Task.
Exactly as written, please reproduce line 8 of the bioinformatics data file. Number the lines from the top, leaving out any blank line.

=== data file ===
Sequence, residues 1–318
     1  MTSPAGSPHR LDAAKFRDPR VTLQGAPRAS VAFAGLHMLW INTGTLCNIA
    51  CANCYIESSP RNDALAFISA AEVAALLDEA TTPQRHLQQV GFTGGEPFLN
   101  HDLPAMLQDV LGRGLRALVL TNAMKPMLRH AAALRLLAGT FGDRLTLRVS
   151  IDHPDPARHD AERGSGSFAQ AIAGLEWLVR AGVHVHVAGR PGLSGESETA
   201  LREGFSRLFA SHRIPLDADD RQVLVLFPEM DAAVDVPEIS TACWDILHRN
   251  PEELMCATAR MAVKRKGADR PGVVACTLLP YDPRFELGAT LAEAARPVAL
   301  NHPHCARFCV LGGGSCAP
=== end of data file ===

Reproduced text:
   301  NHPHCARFCV LGGGSCAP